Sri Jegarajah: I wanted to pick up on the prospect of face-to-face direct talks with your partners in China, Minister. We saw how beneficial that could be when US Treasury Secretary Janet Yellen visited China. Are you and the Prime Minister, or individually yourself or the Prime Minister planning a trip to China to get a feel of what is going on and what is happening on the ground and with a view to managing the relationship in the medium to longer term?

Minister for Trade: Our tactic over the last 15 months has been to try and stabilise our relationship with China, and with some perseverance and persistence, that's what's been happening. It happened last year when the Chinese President met Prime Minister Albanese, then just before Christmas, Foreign Minister Wong flew to China to meet her counterpart, and I've now had three direct meetings with my counterpart. In fact, on the last occasion, I invited him to come to Australia and he accepted that invitation. It's now just a question of time. I think our whole strategy throughout this process has been to de-escalate the issues, to try and resolve the issues between us through dialogue rather than disputation. We think, with some goodwill on both sides, that we can completely stabilise this relationship, and get all of the wonderful food and wine that Australia produces back onto the kitchen tables of Chinese consumers.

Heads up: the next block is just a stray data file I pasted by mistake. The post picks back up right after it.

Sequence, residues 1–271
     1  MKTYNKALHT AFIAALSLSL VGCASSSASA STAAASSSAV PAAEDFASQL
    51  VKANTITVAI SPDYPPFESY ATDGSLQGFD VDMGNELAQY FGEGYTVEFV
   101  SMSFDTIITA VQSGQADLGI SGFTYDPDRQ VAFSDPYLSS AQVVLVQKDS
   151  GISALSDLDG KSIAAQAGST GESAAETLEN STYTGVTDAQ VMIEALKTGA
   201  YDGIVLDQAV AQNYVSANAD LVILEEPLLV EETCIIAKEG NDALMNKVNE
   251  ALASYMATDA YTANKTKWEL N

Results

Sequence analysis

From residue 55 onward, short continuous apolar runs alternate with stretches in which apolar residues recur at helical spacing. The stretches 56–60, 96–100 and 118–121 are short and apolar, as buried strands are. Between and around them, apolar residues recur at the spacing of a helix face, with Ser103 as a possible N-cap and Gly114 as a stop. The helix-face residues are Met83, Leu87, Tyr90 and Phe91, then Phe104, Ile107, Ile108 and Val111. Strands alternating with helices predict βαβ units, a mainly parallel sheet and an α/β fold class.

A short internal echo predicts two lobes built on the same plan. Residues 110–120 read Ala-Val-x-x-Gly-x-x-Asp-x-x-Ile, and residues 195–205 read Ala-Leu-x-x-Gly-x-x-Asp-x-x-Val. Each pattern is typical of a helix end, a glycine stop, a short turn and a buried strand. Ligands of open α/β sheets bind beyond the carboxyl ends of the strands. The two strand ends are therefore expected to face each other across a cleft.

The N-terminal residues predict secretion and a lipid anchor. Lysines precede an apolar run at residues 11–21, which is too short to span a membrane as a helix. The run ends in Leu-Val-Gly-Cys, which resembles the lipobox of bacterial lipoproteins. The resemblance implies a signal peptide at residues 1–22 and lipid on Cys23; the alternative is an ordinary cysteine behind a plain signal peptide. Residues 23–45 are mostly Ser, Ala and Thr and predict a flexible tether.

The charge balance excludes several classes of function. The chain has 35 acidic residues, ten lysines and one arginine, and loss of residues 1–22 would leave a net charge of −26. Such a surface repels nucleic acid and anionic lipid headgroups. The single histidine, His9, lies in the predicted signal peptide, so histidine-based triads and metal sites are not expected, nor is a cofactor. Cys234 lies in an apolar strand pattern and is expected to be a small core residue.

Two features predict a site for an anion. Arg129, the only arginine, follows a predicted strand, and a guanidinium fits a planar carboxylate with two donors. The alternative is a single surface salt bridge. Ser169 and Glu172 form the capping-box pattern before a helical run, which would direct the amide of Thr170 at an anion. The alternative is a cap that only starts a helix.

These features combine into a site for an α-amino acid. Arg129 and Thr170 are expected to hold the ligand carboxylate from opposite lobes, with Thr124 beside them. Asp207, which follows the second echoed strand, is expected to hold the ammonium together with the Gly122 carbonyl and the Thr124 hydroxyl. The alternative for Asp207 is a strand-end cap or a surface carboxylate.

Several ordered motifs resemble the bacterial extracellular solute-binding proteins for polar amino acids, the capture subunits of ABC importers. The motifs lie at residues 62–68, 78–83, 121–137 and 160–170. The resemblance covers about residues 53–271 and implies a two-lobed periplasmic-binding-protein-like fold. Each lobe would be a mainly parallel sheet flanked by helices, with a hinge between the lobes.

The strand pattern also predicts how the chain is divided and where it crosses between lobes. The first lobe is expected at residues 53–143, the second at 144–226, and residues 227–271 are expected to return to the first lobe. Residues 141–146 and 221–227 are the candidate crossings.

Martin Soong: Indeed. So, good news for Australian growers or farmers and also for Chinese consumers. They get that. And obviously, the relationship has improved noticeably, markedly. And what you and your other Cabinet Ministers, as well as the Prime Minister have been doing are starting to bear fruit. But to be fair, the trade situation with China with regards to these tariffs, it's a problem or a situation which your government inherited from the previous one, from the Morrison administration. So, you've had a lot of repair work to do, as I suggested, it seems like it's working. Would it be fair to say that should the tariffs on Aussie wine get lifted by China, that would be a green light and a go for an Albo visit to Beijing before the end of this year?

Minister for Trade: Look, I think the Prime Minister has made it clear, on two things, really. Firstly, he is keen to accept an offer from the Chinese Government to visit Beijing, and I'm sure at some point, given his very busy schedule, he will make that trip. The other point that he has made, and I've made also, is that this is not a transactional relationship. We're demonstrating, I think, goodwill in the way in which we are stabilising the relationship, and that's the way we'd like to proceed to resolve all of the outstanding issues. We've worked well with our officials in China, with industry, between our two governments, and that's what we want to continue to do.

Sri Jegarajah: Very good sir. We do hope that you and your department do keep us updated about the prospects of a visit. We appreciate your time sir. Thank you very much indeed. Don Farrell there, Australia's Minister of Trade and Tourism. Thank you.

Minister for Trade: Thank you.